The Commission of Inquiry into Money Laundering in British Columbia (the “Commission”), led by the Honourable Austin Cullen and announced on May 15, 2019, is a response to the perception, and potential reality, that money laundering is flourishing in British Columbia and has become an issue of public concern. The Commission has a broad mandate to make findings of fact with respect to money laundering activities across British Columbia, including in real estate, gaming, financial institutions, and the corporate and professional sectors. The Commission is also examining  regulatory authorities and the barriers to effective law enforcement of money laundering activities. Finally, the Commission will be making recommendations to combat money laundering in British Columbia. The Commission’s findings and recommendations will be set out in a report that will be submitted to the provincial government by May 20, 2022.

Given recent concerning reports stating that hundreds of millions of dollars in illegal cash linked to organized crime were affecting British Columbia’s real estate and gaming sectors, and the Commission’s broad mandate, the Commission’s eventual report may substantially impact AML legislation, and the enforcement thereof, in British Columbia and more broadly across Canada.

Amendments to anti-money laundering legislation

In June, 2021, numerous amendments were brought into force under Canada’s Proceeds of Crime (Money Laundering) and ‎Terrorist Financing Act and associated regulations. We wrote about these in our legal update found ‎here. Key changes include:‎

  • Requirements for financial entities to implement compliance programs;‎
  • Increased “know your client” verification requirements for specific types of transactions. Clients ‎can expect their financial institution to make additional inquiries respecting large cash ‎transactions, suspicious transactions, foreign exchange transactions, and other categories of transactions;‎
  • Additional reporting and record keeping obligations on behalf of financial entities;‎
  • The “travel rule”, which requires that financial entities obtain specific detailed information ‎relating to an electronic fund transfer or virtual currency transfer. Again, clients can expect ‎their financial institution to require additional information when they are sending or receiving ‎EFTs or virtual currency.‎

The Federal Government continues to show a commitment to improving Canada’s response to money ‎laundering. In December, 2021, the Financial Crimes Coordination Centre (FC3) held a large scale ‎conference on anti-money laundering. We expect to see more changes to AML legislation in 2022 with the release ‎of the Cullen Report, as discussed above.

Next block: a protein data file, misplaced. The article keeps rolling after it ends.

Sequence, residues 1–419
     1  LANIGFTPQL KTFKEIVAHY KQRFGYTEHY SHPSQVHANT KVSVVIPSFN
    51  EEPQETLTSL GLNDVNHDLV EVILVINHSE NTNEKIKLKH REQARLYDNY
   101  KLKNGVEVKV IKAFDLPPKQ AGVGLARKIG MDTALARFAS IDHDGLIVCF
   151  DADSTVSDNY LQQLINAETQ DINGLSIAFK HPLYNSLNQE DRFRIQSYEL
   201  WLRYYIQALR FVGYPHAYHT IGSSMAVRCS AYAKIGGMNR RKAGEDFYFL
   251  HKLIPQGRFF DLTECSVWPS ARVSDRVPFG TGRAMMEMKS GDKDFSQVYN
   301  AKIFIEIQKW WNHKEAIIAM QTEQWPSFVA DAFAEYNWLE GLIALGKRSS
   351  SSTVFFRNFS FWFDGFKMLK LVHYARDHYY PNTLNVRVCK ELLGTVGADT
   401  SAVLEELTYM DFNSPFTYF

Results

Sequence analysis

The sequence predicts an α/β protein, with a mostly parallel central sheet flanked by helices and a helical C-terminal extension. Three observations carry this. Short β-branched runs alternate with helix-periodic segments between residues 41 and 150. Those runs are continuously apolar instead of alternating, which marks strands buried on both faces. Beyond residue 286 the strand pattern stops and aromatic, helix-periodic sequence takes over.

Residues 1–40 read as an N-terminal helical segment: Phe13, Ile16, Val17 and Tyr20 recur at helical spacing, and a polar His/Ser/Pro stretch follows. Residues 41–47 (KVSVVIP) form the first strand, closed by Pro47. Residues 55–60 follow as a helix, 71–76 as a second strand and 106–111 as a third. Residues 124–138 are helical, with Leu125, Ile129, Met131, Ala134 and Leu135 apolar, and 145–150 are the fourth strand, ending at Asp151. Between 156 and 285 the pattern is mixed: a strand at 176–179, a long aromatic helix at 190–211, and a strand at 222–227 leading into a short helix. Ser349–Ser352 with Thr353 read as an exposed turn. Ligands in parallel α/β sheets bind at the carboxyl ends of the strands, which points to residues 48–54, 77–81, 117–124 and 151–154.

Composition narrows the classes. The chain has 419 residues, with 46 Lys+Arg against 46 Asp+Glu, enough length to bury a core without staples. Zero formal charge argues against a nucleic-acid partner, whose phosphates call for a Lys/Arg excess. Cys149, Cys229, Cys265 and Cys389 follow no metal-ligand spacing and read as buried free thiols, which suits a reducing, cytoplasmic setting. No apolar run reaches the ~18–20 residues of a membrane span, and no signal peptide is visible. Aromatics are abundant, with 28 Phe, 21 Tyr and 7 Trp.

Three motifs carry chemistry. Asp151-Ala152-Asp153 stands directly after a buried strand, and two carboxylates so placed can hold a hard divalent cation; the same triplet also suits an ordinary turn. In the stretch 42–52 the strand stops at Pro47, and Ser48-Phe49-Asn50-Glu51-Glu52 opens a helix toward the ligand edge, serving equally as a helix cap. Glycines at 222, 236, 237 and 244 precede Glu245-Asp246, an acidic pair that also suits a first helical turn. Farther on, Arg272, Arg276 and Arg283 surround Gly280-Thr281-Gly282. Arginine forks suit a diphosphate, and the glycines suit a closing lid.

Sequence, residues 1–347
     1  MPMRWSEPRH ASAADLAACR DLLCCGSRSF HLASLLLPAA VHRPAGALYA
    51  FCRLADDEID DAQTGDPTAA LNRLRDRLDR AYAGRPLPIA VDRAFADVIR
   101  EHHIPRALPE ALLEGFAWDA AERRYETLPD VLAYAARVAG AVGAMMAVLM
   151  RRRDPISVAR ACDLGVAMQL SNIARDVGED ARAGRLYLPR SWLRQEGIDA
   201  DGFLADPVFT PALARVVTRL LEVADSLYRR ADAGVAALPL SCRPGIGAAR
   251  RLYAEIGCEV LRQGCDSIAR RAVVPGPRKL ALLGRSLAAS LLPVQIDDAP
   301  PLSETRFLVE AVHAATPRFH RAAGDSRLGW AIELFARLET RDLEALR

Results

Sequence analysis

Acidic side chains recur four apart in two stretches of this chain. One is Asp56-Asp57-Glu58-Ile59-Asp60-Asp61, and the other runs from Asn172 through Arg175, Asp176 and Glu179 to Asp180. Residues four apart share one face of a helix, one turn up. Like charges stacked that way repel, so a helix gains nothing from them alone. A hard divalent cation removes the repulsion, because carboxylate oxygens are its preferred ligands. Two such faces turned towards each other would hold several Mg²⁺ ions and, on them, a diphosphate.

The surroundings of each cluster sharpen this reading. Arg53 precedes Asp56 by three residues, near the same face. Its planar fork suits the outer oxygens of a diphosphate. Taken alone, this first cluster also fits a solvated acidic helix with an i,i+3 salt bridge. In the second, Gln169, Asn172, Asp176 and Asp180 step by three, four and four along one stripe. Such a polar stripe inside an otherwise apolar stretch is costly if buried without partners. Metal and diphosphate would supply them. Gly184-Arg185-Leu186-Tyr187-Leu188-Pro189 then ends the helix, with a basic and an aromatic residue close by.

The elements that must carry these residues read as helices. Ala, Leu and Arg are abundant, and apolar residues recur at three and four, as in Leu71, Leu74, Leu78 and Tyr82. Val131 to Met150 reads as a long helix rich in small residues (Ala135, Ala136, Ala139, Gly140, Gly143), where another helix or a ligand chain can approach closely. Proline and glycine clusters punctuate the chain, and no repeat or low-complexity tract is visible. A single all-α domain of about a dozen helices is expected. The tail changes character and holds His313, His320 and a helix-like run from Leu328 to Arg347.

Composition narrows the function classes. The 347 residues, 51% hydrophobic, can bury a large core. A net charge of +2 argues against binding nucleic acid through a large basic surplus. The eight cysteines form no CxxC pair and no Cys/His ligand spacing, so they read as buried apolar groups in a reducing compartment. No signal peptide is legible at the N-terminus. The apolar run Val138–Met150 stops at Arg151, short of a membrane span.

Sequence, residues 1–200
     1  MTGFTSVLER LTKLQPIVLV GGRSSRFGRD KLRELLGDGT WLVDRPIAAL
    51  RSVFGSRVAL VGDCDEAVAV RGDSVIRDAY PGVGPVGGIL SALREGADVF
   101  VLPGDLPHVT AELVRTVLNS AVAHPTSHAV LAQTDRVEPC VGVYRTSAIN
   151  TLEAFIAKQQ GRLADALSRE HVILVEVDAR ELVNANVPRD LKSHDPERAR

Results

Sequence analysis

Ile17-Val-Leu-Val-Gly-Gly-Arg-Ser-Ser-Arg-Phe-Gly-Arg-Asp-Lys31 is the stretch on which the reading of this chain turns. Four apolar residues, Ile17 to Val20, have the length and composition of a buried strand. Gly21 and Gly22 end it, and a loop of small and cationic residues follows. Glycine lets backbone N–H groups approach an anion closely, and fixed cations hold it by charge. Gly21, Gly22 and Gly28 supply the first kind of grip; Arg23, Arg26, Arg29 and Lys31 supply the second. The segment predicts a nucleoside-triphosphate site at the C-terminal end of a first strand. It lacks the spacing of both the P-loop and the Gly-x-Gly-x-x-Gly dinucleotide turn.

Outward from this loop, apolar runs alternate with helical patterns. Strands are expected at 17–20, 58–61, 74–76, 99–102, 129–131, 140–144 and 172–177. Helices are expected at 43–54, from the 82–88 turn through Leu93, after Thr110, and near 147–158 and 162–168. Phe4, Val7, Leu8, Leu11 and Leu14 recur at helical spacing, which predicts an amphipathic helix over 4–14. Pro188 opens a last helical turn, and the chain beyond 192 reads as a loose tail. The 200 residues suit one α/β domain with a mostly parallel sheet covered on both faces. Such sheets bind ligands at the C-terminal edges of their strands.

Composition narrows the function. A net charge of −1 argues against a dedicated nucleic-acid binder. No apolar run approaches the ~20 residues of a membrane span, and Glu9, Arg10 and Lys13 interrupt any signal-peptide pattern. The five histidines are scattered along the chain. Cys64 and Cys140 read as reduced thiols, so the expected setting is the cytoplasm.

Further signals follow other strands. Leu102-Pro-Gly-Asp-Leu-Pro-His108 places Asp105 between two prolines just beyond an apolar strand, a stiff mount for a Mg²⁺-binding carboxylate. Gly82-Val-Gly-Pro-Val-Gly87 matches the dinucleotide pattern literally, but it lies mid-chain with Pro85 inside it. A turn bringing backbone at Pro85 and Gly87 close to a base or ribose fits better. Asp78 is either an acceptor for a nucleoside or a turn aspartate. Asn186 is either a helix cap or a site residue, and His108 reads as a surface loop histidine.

More developments of beneficiary disclosure regimes in Canada

In 2017, the Government of Canada published the Agreement to Strengthen Beneficial Ownership ‎Transparency (the “Agreement”) in which, among other things, “Ministers agreed in principle to ‎pursue legislative amendments to federal, provincial and territorial corporate statutes” to increase ‎beneficial ownership transparency. ‎

In line with the Agreement, the Government of Canada amended certain provisions in the ‎Canada Business Corporations Act, R.S.C. 1985, c. C-44 (“CBCA”) in 2018 to require federal corporations ‎to collect certain information for all individuals with “significant control” of a corporation, and to ‎prepare and maintain a corporate register of those individuals. The CBCA defines an individual ‎with “significant control” as one who holds: (a) any number of shares that carry 25% or more of ‎the voting rights attached to all of the corporation’s outstanding voting shares; or (b) any number ‎of shares that is equal to 25% or more of all of the corporation’s outstanding shares measured by ‎fair market value. The CBCA imposes sanctions and fines for non-compliance with the new ‎beneficial ownership provisions.‎

In 2020, British Columbia, Manitoba, Prince Edward Island, Nova Scotia, and Saskatchewan ‎proposed or enacted similar amendments to their respective provincial corporate statutes.    

In November 2021, Ontario proposed Bill No. 43 which sets out to amend the Ontario Business ‎Corporation Act. Bill 43 received its Third Reading on December 7, 2021, and has not yet ‎received Royal Assent. The Bill proposes a beneficiary disclosure regime in Ontario that follows ‎closely with that of the CBCA.

Beneficiary disclosure regimes play an important role in addressing corruption and money laundering, by making publicly available the beneficial owners  of companies.  These amendments are important in the global push for greater transparency in beneficially ownership.  

Canadian modern slavery legislation proposed…for the fourth time